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TRPV1 Channels Are Involved in Niacin-induced Cutaneous Vasodilation in Mice

Clifton, Heather L. PhD*; Inceoglu, Bora PhD; Ma, Linlin PhD; Zheng, Jie PhD; Schaefer, Saul MD, FACC, FAHA*,§

Journal of Cardiovascular Pharmacology: February 2015 - Volume 65 - Issue 2 - p 184–191
doi: 10.1097/FJC.0000000000000181
Original Article
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Abstract: Niacin is effective in treating dyslipidemias but causes cutaneous vasodilation or flushing, a side effect that limits its clinical use. Blocking prostaglandins in humans reduces but does not consistently eliminate flushing, indicating additional mechanisms may contribute to flushing. The transient receptor potential vanilloid 1 (TRPV1) channel, when activated, causes cutaneous vasodilation and undergoes tachyphylaxis similar to that seen with niacin. Using a murine model, early phase niacin-induced flushing was examined and TRPV1 channel involvement demonstrated using pharmacologic blockade, desensitization, and genetic knockouts (TRPV1 KO). The TRPV1 antagonist AMG9810 reduced the magnitude of the initial and secondary peaks and the rapidity of the vasodilatory response (slope). TRPV1 desensitization by chronic capsaicin reduced the initial peak and slope. TRPV1 KO mice had a lower initial peak, secondary peak, and slope compared with wild-type mice. Chronic niacin reduced the initial peak, secondary peak, and slope in wild-type mice but had no effect in knockout mice. Furthermore, chronic niacin diminished the response to capsaicin in wild-type mice. Overall, these data demonstrate an important role for TRPV1 channels in niacin-induced flushing, both in the acute response and with chronic administration. That niacin-induced flushing is a complex cascade of events, which should inform pharmacological intervention against this side effect.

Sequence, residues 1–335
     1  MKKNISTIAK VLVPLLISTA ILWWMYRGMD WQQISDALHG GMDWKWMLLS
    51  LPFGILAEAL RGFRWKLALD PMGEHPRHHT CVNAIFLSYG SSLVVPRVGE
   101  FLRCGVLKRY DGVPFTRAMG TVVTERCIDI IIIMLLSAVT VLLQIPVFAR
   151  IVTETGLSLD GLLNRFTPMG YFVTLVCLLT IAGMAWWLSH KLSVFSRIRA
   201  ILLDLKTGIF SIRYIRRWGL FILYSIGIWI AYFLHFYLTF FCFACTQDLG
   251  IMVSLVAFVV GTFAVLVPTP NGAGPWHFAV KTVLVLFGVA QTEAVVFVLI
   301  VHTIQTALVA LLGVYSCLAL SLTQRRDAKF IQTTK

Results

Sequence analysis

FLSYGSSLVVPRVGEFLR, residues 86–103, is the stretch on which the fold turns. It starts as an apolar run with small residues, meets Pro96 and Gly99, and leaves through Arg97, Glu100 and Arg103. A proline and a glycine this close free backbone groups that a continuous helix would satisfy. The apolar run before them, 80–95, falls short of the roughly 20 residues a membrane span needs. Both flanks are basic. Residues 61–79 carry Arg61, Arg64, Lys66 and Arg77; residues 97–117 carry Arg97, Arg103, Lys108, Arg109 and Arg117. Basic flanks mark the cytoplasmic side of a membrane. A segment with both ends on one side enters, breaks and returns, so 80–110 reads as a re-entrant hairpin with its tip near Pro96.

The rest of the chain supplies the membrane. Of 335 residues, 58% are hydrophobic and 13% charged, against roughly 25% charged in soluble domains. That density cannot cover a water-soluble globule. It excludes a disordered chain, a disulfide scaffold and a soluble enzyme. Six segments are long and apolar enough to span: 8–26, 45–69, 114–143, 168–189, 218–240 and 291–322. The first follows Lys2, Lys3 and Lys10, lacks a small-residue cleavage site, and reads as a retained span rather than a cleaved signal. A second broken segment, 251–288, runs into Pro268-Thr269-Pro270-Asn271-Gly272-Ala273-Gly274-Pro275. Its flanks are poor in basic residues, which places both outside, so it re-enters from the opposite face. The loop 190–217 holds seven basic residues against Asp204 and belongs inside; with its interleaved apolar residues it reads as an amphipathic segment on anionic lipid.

*Department of Internal Medicine, Division of Cardiovascular Medicine, University of California, Davis, CA;

Departments of Entomology; and

Physiology and Membrane Biology, University of California, Davis, CA; and

§Cardiology Section, Department of Veterans Affairs Northern California Health Care System, Sacramento, CA.

Reprints: Saul Schaefer, MD, FACC, FAHA, Department of Internal Medicine, Division of Cardiovascular Medicine, University of California, Davis, 1 Shields Avenue, TB 172, Davis, CA 95618 (e-mail: sschaefer@ucdavis.edu).

Supported in part by resources from the VA Northern California Health Care System, Sacramento, CA.

The authors report no conflicts of interest.

The contents reported within do not represent the views of the Department of Veterans Affairs or the US Government.

Received June 23, 2014

Accepted October 16, 2014

Copyright © 2015 Wolters Kluwer Health, Inc. All rights reserved.